5. 5. The Trend of Infrastructure Spending <ul><li>Federal, state and local government spending on infrastructure showed an increasing trend in dollar terms until the mid-2000s, when it began to decline </li></ul><ul><li>The deline began much earlier when infrastructure spending is measured as a percent of GDP </li></ul>Posted Feb. 13, 2011 on Ed Dolan’s Econ Blog http://dolanecon.blogspot.com
  6. 6. Two Deficits <ul><li>The budget deficit is the difference between government spending and tax revenues. </li></ul><ul><li>The budget deficit is filled by borrowing </li></ul><ul><li>When current spending is financed by borrowing, government liabilities increase faster than assets </li></ul><ul><li>The national balance sheet that is passed along to the next generation is weakened </li></ul>Posted Feb. 13, 2011 on Ed Dolan’s Econ Blog http://dolanecon.blogspot.com <ul><li>The infrastructure deficit is the difference between the rate at which new infrastructure is built and the rate at which old infrastructure wears out </li></ul><ul><li>When depreciation exceeds investment, net infrastructure assets decrease </li></ul><ul><li>The national balance sheet that is passed along to the next generation is weakened, just as happens when excess current spending causes a budget deficit </li></ul>
  7. 7. Grading the Infrastructure <ul><li>The American Society of Civil Engineers periodically issues a Report Card for America’s Infrastructure* </li></ul><ul><li>The Report Card assigns grades of &quot;A&quot; through &quot;F&quot; to various infrastructure categories </li></ul><ul><li>In the latest report, no area rates higher than a “C+” </li></ul><ul><li>Roads, aviation, and transit system all declined in score from the previous report, which was issued in 2005 </li></ul><ul><li>Dams, schools, drinking water, and wastewater stagnated at grades of D or lower </li></ul><ul><li>Just one category, energy, improved, from a D to a D+. </li></ul>Posted Feb. 13, 2011 on Ed Dolan’s Econ Blog http://dolanecon.blogspot.com *The full report card can be downloaded from http://www.infrastructurereportcard.org/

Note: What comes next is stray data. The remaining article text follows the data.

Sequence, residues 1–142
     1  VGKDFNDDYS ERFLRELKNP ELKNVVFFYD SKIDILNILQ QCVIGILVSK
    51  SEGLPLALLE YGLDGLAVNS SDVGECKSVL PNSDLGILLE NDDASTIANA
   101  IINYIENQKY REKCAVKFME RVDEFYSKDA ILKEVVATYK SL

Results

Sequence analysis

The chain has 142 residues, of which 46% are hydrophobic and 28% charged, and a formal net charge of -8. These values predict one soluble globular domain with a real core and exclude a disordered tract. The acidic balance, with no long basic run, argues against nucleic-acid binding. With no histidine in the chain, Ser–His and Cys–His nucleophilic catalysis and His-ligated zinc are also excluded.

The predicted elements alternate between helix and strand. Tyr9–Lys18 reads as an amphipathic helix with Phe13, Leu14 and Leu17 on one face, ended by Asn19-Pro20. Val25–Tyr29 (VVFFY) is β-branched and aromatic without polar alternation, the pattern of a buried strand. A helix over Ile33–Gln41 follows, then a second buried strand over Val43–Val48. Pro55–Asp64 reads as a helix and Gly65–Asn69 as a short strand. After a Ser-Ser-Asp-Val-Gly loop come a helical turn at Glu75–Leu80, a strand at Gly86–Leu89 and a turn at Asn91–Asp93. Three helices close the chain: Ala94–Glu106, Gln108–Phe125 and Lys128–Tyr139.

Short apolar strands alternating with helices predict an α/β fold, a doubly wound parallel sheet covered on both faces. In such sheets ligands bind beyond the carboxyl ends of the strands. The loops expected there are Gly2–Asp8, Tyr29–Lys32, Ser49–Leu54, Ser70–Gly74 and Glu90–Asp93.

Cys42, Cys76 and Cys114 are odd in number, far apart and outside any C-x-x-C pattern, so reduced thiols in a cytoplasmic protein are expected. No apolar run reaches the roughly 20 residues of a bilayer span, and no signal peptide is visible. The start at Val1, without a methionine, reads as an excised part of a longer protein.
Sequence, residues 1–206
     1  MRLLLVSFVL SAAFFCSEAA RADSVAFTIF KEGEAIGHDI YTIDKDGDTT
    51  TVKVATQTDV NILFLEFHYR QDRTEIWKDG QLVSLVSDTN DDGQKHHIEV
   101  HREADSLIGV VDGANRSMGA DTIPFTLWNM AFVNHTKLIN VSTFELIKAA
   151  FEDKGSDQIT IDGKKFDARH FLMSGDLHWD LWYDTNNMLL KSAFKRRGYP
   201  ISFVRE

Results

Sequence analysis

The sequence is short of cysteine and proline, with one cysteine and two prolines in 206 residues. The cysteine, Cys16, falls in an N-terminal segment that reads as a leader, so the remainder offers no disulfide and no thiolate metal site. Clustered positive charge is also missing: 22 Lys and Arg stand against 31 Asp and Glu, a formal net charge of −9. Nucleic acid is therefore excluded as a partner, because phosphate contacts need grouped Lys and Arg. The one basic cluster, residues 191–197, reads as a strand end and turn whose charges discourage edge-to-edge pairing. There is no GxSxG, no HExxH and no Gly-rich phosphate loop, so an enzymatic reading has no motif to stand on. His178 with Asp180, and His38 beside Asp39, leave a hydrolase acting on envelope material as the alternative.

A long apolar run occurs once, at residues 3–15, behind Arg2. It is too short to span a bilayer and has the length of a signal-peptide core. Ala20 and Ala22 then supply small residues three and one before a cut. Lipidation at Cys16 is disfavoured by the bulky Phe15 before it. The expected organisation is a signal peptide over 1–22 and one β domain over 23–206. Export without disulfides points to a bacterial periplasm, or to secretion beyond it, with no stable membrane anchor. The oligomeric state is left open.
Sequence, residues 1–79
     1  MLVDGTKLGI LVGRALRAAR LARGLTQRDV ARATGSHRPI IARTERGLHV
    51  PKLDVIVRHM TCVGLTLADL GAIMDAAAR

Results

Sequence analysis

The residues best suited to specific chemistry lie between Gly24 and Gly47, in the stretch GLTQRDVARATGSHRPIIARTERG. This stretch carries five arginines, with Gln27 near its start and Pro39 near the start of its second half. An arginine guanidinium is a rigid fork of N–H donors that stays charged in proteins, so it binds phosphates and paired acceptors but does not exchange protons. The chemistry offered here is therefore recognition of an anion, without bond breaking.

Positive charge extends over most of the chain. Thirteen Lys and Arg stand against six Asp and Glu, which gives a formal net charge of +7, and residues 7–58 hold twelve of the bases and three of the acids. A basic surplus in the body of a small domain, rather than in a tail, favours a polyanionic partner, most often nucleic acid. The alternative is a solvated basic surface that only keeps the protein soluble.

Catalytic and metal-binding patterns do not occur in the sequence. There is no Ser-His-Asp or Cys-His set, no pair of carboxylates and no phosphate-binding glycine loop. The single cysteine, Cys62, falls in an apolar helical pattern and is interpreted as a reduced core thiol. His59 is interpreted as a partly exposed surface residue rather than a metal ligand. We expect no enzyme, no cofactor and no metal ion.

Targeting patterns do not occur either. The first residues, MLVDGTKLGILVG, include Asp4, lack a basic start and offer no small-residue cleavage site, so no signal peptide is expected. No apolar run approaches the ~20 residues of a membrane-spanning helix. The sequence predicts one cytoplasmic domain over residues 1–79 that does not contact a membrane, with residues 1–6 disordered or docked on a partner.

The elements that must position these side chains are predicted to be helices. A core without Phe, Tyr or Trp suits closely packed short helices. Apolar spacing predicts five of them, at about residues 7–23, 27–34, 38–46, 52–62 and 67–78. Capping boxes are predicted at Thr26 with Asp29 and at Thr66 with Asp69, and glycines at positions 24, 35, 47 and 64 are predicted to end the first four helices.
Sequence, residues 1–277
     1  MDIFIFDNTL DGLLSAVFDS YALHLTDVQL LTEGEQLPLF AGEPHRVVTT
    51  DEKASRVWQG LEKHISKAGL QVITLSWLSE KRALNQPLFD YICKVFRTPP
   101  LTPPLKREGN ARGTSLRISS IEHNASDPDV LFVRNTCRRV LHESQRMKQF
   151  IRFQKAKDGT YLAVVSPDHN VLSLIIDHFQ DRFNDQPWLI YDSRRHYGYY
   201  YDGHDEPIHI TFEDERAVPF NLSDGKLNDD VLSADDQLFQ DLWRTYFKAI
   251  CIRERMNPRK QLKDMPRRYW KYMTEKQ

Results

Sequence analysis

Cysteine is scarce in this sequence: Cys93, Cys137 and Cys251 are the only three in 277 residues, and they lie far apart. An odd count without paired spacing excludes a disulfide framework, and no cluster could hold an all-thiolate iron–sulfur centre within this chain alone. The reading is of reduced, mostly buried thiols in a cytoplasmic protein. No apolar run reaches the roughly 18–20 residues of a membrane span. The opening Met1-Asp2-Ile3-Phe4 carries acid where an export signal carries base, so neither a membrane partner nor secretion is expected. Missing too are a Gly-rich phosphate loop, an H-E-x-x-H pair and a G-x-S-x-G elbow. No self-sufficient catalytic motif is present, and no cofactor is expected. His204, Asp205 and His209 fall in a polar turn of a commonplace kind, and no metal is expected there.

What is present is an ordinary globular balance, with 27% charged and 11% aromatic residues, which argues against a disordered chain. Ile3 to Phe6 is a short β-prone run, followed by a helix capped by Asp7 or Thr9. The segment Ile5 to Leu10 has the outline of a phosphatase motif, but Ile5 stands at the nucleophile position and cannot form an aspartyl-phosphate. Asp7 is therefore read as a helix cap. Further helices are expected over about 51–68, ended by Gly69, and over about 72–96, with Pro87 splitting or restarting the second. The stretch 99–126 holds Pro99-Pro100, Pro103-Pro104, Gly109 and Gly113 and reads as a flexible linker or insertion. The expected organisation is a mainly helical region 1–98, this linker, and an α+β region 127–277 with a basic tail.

8. 8. An Example of the Infrastructure Deficit: Dams <ul><li>There are more than 85,000 dams in the United States with an average age over 50 years. </li></ul><ul><li>Some 4,000 dams are rated as deficient, including 1,819 high hazard dams. </li></ul><ul><li>As the chart shows, for every deficient high hazard potential dam repaired in recent years, two more were declared deficient. </li></ul>Posted Feb. 13, 2011 on Ed Dolan’s Econ Blog http://dolanecon.blogspot.com
  9. 9. Total 5-year Infrastructure Deficit: $2.2 Trillion Posted Feb. 13, 2011 on Ed Dolan’s Econ Blog http://dolanecon.blogspot.com Source: ASCE, http://www.infrastructurereportcard.org /
  10. 10. Beware of Waste <ul><li>Not all infrastructure spending reduces the infrastructure deficit </li></ul><ul><li>For as long as the government has been in the infrastructure business, projects have often been chosen on political, not economic grounds </li></ul>Posted Feb. 13, 2011 on Ed Dolan’s Econ Blog http://dolanecon.blogspot.com US Army Corps of Engineers Road Project, 1862 Photo source http://commons.wikimedia.org/wiki/File:Corps_of_Engineers_-_corduroy_road.jpg
  11. 11. How to Avoid Waste? <ul><li>The Bipartisan Policy Center offers some guidelines for avoiding infrastructure waste </li></ul><ul><li>Beware of putting new borrowed money into distribution channels that do not prioritize the most urgent projects </li></ul><ul><li>Favor projects that are both shovel-ready and highly productive </li></ul><ul><li>Be skeptical of exaggerated “jobs multiplier” claims often used to justify make-work projects </li></ul>Posted Feb. 13, 2011 on Ed Dolan’s Econ Blog http://dolanecon.blogspot.com US Army Corps of Engineers Road Project, 1862 Photo source http://commons.wikimedia.org/wiki/File:Corps_of_Engineers_-_corduroy_road.jpg
  12. 12. The Bottom Line: Spend but Prioritize <ul><li>It is an illusion to think that cutting essential infrastructure maintenance and essential upgrades will improve the national balance sheet </li></ul><ul><li>At the same time, not all infrastructure spending is equal </li></ul><ul><li>The most urgent need is for a policy infrastructure of budget rules that will set rational priorities </li></ul>Posted Feb. 13, 2011 on Ed Dolan’s Econ Blog http://dolanecon.blogspot.com